2. Your training doesn't fit your goal. If you want to get faster at running a marathon then why are you spending all of your time running long and slow? Here's another question, if you are trying to gain muscle and drop body fat, why are you lifting light weights and performing slow cardio? Here is another problem that leads people to not getting results. Their workout does not fit their goals. You must have a general training plan to fit your needs and goals. Don't just workout to workout. When you have goals you are more likely to stay motivated and on track to achieving that specific goal. Let's look at a couple examples. I always run into the runner or triathlete that wants to improve their speed in their sport. They have a pretty good base of training. But all of their training consists of long and slow aerobic work. I hate to break it to you but you will never get faster this way. In fact you might slow down. If you want to go faster you must train at faster speeds. No, I am not saying for every training session to be all out time trials but there are definitely smart and efficient ways to program speed training into your program. The great thing about interval and speed work is it is time efficient. So all of those long useless hours you were putting in can now be cut down and you can spend more time on things like stretching, foam rolling, strength work, spending time with the family, your job! The first three are mandatory for speed as well. A triathlete's program should incorporate at least 1 speed/interval day for all three disciplines. But you must program this wisely. You never want 2 hard days in a row, definitely a recipe for injury. So for example, Monday is your hard swim. Tuesday is a medium intensity bike with some added high cadence work and some functional strength work. Wednesday is your track workout and interval bike workout. Thursday is an easy recovery run. Friday is an off day. Saturday is a long bike mixed with hill repeats, tempo rides and/or just a long ride. And sunday is your long run spliced with some tempo work and/or hill work. Again, if your goal is speed, then train for speed. Get out of that comfort zone and challenge your threshold. But this type of training is demanding on the body so recovery is very crucial as well. Let's look at one more example. You are an average gym goer that enjoys pumping some weights. Your main goal is to shed some body fat and look leaner. First, go back and read #1. Second you need a dialed in training program that fits your needs. For your goal, you must be in the gym 4-6 times a week. You need 3 full body lifting days. Here is your simple program: upper body push paired with lower body hip dominant 3-4 sets through, upper body pull paired with lower body knee dominant 3-4 sets through and add in some core work....you choose different exercises to place in the template. For motivation purposes I like an undulating scheme where day 1 you hit 10-15 reps, Day 2 you hit 6-10 reps and day 3 you hit 3-6 reps. Push hard! Two days a week you are doing body weight training. Chin-ups, push-ups, plyometrics and core work. Think circuit format. Keep the tempo high. And the final day of the week hit a conditioning workout. Boxing, sprints, mountain bike, basketball game, whatever you want as long as you push yourself. Along with these training days, there must be foam rolling and flexibility work implemented so add these protocols either on your off days or before you go and train.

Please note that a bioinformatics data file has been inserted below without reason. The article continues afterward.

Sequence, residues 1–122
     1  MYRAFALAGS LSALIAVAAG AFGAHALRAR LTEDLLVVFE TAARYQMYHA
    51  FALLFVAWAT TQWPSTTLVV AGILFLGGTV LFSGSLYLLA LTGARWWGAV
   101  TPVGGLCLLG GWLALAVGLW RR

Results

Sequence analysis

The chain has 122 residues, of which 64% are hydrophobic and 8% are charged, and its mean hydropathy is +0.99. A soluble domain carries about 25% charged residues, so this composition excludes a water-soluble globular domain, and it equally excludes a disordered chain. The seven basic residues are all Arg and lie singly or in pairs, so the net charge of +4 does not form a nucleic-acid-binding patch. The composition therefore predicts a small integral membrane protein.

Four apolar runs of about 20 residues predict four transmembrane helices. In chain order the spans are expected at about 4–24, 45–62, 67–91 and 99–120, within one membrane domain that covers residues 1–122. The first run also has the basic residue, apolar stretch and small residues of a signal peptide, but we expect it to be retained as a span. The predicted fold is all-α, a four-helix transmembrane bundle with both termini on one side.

#3 You have no goal. So the first 2 we have talked about will not be credible if we did not set any goals. Goal setting, whether it be for your training, your job, your personal development, your relationships or your spiritual life is the key to success. If you do not have a direction you will aimlessly be shooting in the dark without a target. This gets boring, this gets unmotivating and you will fall off the bandwagon very quickly. In the training world, you must have some sort of goal to keep you on track and focused. What sparks you? What do you enjoy doing? Are you a weight training person? Or do you like running in triathlons? Heck, even if you have never done a triathlon, it could be a great sport to pick up. You must write down this goal once it is in your head. A goal is nothing more than a thought if it is not written down. Once it is written down it becomes real, it becomes conscious and now you can stare at it daily to keep you motivated. Now that the goal is written out you need steps to accomplishing this goal. If your goal is to lose 15 pounds in the next 16 weeks, write it down. Step #1 Nutrition plan must follow my goal, Step #2 Training must be done 4-6 times a week, Step #3 Find a workout partner, Step #4 Log all workouts and construct a food diary. Now it is up to you to follow through on these daily steps and so you can stay on path.